Dauphin Island, AL
Archive of Historical Data, Books, Maps
And Other Materials
Taken from the EDITORIAL PAGE
Dauphin Island needs
Monday, June 01, 2009
GIVE DAUPHIN Island residents credit for abandoning the dubious, costly and
temporary protection of government-funded sand berms.
The Dauphin Island Town Council recently voted down a proposal to ask the Federal
Emergency Management Agency to fund yet another sand berm on the island's rapidly
eroding west end. Since 2002, the pounding waves of the Gulf of Mexico have
destroyed two berms. Tropical Storm Isidore wiped out the first and Hurricane
Gustav flattened the second one.
Clearly, it's time for island residents to pursue a better answer to the erosive
force of the Gulf. The sand berms cost taxpayers about $4.5 million, but the
protection they provided was limited and temporary. Homeowners on the fragile west
end have watched that part of the island gradually disappear under the waves' assault.
They understand better than government bureaucrats that, as a town council member
put it, a berm is only "a Band-Aid."
At a meeting last month, property owners voiced unanimous opposition to a plan to
build a berm along the south edge of Bienville Boulevard. Many residents were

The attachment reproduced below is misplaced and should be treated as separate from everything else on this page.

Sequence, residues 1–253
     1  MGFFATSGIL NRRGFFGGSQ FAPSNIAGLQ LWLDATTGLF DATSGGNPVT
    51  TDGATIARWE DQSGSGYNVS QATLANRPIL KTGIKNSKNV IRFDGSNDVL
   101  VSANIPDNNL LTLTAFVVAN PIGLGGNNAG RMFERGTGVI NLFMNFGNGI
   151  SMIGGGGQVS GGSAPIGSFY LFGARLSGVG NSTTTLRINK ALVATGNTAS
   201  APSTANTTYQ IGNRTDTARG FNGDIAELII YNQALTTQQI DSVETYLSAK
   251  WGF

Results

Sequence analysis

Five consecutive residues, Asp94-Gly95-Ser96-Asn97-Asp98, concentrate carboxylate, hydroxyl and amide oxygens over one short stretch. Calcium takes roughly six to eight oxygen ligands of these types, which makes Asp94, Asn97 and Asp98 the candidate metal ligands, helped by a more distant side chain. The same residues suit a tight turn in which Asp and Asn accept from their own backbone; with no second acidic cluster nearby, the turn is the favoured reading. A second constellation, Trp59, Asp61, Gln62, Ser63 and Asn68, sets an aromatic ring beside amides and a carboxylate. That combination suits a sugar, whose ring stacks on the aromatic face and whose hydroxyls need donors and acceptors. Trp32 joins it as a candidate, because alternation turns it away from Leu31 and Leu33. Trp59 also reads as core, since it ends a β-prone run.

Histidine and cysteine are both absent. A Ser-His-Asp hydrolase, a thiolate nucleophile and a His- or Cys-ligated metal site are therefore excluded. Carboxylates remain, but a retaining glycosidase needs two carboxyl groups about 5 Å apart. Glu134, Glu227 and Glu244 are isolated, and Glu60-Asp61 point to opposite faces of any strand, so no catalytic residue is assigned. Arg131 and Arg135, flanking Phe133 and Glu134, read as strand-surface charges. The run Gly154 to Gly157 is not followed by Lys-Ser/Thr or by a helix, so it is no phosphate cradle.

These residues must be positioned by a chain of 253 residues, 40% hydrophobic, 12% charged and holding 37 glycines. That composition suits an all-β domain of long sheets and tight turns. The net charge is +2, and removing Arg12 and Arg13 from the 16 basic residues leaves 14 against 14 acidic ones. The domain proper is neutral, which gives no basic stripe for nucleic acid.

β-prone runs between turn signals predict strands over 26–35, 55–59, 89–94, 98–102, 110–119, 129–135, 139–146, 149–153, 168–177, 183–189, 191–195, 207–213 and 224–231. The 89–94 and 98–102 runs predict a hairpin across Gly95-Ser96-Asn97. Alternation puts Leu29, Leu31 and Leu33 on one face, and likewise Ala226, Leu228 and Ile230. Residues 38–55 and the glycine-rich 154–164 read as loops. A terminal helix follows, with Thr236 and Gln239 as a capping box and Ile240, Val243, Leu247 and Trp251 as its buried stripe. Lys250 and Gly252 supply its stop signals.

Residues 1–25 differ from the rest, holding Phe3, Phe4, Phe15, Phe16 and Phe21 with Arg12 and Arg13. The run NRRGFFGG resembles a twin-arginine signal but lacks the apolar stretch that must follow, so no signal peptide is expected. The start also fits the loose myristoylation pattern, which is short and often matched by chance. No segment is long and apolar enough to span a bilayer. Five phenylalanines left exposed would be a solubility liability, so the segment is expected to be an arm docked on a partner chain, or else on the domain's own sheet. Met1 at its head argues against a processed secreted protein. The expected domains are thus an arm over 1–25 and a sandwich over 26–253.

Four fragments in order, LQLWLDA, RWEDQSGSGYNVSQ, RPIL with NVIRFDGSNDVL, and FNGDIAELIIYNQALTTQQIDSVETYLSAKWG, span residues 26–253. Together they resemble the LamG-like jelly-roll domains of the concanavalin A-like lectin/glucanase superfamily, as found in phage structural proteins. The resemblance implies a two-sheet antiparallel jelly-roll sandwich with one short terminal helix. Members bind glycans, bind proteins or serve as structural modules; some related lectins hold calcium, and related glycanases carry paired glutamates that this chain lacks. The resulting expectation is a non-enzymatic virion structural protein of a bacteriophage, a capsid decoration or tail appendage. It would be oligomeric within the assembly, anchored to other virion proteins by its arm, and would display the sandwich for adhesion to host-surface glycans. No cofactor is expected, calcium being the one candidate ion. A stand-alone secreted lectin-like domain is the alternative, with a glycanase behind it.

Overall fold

concerned that the berm would limit access to their beachfront homes.
The larger issue, however, is the costly futility of constructing berms that can't
survive Gulf storms.
Town officials understand that the only long-term solution to the west end's
woes is a beach renourishment project designed to preserve the entire barrier island.
Renourishment projects have restored beaches in Baldwin County and helped
fortify threatened beaches on the Atlantic and Pacific coasts.
In an effort to save Mississippi's barrier islands, the U.S. Army Corps of Engineers
is preparing to dredge 22 million cubic yards of sand - some of it from sources in
Alabama. Dauphin Island officials understandably wonder: Why isn't our island
included in that project?
One of the reasons that Dauphin Island is shrinking is that the Corps of Engineers
has dredged 20 million cubic yards of sand from the Mobile Ship Channel. In an
op-ed column published by the Press-Register, Scott L. Douglass, a professor of
civil engineering at the University of South Alabama, wrote that the dredging
created a "sand deficit" for Dauphin Island's beaches.
In our view, Congress and the Corps of Engineers should do their part to help
restore Dauphin Island. The island is an economic asset for Alabama and a
national ecological treasure.
So let's stop building berms - and start replenishing the island's dwindling
supply of sand.